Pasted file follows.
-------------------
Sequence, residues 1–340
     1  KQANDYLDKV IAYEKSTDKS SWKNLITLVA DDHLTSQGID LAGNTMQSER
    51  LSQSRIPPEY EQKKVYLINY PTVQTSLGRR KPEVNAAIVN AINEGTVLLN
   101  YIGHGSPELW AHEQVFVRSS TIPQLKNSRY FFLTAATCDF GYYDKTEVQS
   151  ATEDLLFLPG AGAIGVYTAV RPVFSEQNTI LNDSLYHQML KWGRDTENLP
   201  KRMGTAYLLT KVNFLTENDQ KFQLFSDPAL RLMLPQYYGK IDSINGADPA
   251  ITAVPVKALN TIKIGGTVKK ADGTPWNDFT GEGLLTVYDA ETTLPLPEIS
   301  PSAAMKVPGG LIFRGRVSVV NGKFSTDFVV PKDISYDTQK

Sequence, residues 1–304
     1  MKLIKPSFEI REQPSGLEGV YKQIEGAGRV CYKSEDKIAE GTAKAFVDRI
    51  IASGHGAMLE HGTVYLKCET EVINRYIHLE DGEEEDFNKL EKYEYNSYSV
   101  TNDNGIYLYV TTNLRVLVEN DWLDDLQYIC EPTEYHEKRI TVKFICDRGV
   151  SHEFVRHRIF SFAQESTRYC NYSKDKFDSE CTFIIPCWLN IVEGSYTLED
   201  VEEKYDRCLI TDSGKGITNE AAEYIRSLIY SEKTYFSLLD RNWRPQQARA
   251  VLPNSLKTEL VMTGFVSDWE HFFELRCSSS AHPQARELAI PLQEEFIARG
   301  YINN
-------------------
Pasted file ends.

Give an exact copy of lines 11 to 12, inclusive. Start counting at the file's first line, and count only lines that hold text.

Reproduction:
    51  IASGHGAMLE HGTVYLKCET EVINRYIHLE DGEEEDFNKL EKYEYNSYSV
   101  TNDNGIYLYV TTNLRVLVEN DWLDDLQYIC EPTEYHEKRI TVKFICDRGV